More good news on the programming front is that the three coffee strength options and three temperature settings are a welcome bonus at this price point. Together with the thermoblock and 15 bar of pressure, they add up to serious intent to brew decent coffee.

Grinder issues aside, the Krups EA8250 is not playing around at being a super-automatic espresso maker.

Nothing's Easier to Operate. Except Maybe a Coffee Maker

Before announcing its “new simplicity” approach to the Evidence series, Krups had already pushed this philosophy to its natural conclusion with the  EA8250 and iys predecessors. The LCD display together with a couple of knobs and buttons – the thing really is child’s play to operate.

Which not only makes brewing easier for beginners, but also generally makes troubleshooting a breeze. Frantically flashing lights or errors can easily be looked up in the instruction manual. What’s more, the super-automatic espresso machine lets you know in no uncertain terms when it’s due for cleaning or descaling.

A truly inexpensive super-automatic espresso machine is a celebration of minimalism. And that’s true not only in terms of core components. Above all, unncessary frills get axed, which is inevitably a good thing and makes for leaner, meaner functioning.

Espresso & Milk Froth: Krups Shoots Itself in the Foot

By now, it should be no surprise that the burr grinder sabotages any attempts at perfect coffee. Tweak what you will, the espresso always pours through the machine into the cup too quickly.

Espresso pouring out of the Krups super-automatic espresso machine into a cup

It makes for an excessively watery flavor, which you can only partially offset with more grounds or less water. For all that I’ve warmed to the cheap Krups since I last reviewed it, I’m not softening my stance on this one bit.

With it’s two frothing options — the steam wand and add-on cappuccinatore — the Krups EA8250 does better in the milk department.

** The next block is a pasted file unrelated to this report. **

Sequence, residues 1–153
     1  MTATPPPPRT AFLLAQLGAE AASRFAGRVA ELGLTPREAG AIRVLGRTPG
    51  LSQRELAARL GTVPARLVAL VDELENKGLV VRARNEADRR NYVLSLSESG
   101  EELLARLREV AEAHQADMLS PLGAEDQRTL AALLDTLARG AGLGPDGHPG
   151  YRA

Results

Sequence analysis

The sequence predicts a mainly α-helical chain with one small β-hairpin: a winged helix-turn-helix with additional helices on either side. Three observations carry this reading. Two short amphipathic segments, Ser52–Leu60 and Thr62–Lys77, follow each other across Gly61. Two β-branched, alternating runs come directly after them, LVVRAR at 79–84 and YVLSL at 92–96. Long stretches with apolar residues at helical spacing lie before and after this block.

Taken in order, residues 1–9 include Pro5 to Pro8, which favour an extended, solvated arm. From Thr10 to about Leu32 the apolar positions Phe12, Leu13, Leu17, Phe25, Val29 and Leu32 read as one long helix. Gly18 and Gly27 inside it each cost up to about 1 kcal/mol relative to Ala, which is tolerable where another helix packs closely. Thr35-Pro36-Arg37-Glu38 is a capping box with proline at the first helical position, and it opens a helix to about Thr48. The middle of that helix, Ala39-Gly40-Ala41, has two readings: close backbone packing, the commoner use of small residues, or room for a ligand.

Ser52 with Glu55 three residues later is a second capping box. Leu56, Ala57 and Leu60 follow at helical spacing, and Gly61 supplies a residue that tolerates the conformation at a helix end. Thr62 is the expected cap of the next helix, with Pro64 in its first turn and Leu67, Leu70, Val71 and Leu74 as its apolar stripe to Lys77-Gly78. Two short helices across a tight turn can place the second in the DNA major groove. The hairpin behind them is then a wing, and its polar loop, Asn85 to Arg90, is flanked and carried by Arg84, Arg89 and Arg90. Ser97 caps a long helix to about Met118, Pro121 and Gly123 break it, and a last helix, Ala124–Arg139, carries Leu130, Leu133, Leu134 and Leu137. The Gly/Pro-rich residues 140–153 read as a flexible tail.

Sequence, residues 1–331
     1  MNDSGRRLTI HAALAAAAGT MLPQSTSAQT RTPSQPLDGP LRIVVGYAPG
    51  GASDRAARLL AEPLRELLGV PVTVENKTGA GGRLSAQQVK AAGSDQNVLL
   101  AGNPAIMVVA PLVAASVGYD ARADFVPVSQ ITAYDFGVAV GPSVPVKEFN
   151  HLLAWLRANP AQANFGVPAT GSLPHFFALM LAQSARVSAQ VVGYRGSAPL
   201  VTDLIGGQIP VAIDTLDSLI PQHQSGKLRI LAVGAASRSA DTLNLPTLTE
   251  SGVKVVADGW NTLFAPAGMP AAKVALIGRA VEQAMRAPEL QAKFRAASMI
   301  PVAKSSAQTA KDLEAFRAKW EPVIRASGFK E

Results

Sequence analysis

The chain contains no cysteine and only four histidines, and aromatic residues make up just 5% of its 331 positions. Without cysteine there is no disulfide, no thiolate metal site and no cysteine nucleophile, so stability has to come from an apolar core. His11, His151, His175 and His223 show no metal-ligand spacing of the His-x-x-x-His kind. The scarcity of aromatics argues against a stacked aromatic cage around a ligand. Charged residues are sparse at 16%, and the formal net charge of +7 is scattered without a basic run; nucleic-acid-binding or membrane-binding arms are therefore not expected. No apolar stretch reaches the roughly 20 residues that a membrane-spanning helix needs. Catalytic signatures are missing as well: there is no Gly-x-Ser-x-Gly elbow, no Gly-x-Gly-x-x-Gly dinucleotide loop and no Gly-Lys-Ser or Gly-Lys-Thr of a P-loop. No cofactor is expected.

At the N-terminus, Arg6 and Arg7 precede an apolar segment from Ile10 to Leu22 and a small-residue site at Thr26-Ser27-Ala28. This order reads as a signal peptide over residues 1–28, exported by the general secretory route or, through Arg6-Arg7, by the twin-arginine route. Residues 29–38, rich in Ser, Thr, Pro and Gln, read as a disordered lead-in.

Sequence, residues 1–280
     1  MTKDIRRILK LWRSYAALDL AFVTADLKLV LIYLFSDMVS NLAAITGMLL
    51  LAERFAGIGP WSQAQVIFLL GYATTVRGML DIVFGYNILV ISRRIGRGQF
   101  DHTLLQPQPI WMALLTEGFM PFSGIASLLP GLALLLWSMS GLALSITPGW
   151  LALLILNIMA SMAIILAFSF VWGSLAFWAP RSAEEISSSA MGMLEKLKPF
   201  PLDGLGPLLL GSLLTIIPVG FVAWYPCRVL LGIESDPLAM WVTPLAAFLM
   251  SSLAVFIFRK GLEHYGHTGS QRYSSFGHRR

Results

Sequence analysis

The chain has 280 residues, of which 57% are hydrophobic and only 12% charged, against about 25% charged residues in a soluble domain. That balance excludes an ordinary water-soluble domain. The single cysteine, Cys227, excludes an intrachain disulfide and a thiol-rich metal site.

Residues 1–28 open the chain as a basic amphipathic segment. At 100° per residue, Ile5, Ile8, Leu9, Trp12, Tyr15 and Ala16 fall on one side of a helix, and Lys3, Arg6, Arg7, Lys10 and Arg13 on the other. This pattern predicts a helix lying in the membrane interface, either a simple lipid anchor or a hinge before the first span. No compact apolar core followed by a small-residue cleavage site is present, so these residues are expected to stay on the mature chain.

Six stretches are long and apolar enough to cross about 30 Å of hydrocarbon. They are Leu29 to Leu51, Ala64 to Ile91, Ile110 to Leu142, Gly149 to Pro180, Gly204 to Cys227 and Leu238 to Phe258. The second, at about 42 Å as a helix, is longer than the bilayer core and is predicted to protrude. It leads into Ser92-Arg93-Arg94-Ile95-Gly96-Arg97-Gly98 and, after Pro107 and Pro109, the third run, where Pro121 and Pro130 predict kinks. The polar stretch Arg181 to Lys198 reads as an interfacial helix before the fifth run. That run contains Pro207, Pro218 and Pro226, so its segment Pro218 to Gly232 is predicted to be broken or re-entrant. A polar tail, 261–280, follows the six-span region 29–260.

As frothing solutions go, a steam wand may be tricker to use but it’s less likely to leak or require replacement parts. It opens the door to playing with the consistency of your microfoam and even going totally off-piste to have a bit of fun with hot chocolate or chai. Best of all, the Krups delivers strong performance with high-pressure steam.

And if you just couldn’t be bothered, you can hook up the slightly awkward cappuccinatore. What’s not to like?!

Which is exactly where the slightly more expensive EA8298 falls short. In the rather limited pursuit of cappuccino at the touch of a button, it has sacrificed all those other steam wand options. As I pointed out, the steamer can only be attached to the milk bottle or used for getting hot water.

Admittedly, a lot of people have found the cappuccinatore very disappointing.

I get that. After all, this kind of “afterthought” solution is never the best way of achieving a desired function. In an earlier model, it even had to be purhcased separately.

But to be honest, I think the concept is really promising. Theoretically, anyway. Unless I’m mistaken, Krups is the only one among the many manufacturers of super-automatic espresso machines working with this kind of add-on. Which makes it pretty innovative. Now, they just need to work through the kinks to make this a high-quality retrofit.

What Won't Come Out, Won't Come Clean

Whether you’re eyeing a EA8250, EA8298 or even EA98 super-automatic espresso machine, Krups brew groups are always fixed and connot be removed.